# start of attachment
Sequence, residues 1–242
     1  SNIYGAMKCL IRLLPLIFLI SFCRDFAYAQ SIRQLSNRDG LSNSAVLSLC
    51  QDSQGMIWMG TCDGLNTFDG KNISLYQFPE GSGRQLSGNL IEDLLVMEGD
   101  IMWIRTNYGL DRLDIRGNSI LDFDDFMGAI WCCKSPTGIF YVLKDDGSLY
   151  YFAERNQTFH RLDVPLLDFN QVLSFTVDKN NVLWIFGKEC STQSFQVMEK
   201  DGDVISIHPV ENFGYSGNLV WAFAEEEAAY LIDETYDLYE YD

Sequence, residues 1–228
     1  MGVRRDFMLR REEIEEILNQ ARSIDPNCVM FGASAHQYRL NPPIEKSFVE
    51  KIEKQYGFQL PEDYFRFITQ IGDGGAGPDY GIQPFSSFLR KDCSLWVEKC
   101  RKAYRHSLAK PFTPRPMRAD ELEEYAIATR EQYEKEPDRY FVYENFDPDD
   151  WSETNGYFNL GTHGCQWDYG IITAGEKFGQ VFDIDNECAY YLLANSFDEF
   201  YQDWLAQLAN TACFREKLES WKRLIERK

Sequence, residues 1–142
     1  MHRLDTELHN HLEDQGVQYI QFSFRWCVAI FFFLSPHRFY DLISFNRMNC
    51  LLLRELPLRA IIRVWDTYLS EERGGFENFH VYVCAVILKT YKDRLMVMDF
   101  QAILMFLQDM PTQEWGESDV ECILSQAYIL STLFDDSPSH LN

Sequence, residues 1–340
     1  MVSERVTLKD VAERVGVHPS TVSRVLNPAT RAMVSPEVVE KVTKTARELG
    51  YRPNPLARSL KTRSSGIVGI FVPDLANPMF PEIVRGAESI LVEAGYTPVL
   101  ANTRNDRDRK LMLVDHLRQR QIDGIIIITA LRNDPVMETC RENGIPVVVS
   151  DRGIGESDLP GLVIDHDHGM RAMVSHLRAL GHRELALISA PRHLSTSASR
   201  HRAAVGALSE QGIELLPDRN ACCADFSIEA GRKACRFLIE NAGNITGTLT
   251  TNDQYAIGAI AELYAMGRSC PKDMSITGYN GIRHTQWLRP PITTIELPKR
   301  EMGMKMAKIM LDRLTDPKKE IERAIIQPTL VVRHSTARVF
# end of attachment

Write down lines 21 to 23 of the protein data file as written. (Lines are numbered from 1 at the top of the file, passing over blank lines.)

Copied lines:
   151  DRGIGESDLP GLVIDHDHGM RAMVSHLRAL GHRELALISA PRHLSTSASR
   201  HRAAVGALSE QGIELLPDRN ACCADFSIEA GRKACRFLIE NAGNITGTLT
   251  TNDQYAIGAI AELYAMGRSC PKDMSITGYN GIRHTQWLRP PITTIELPKR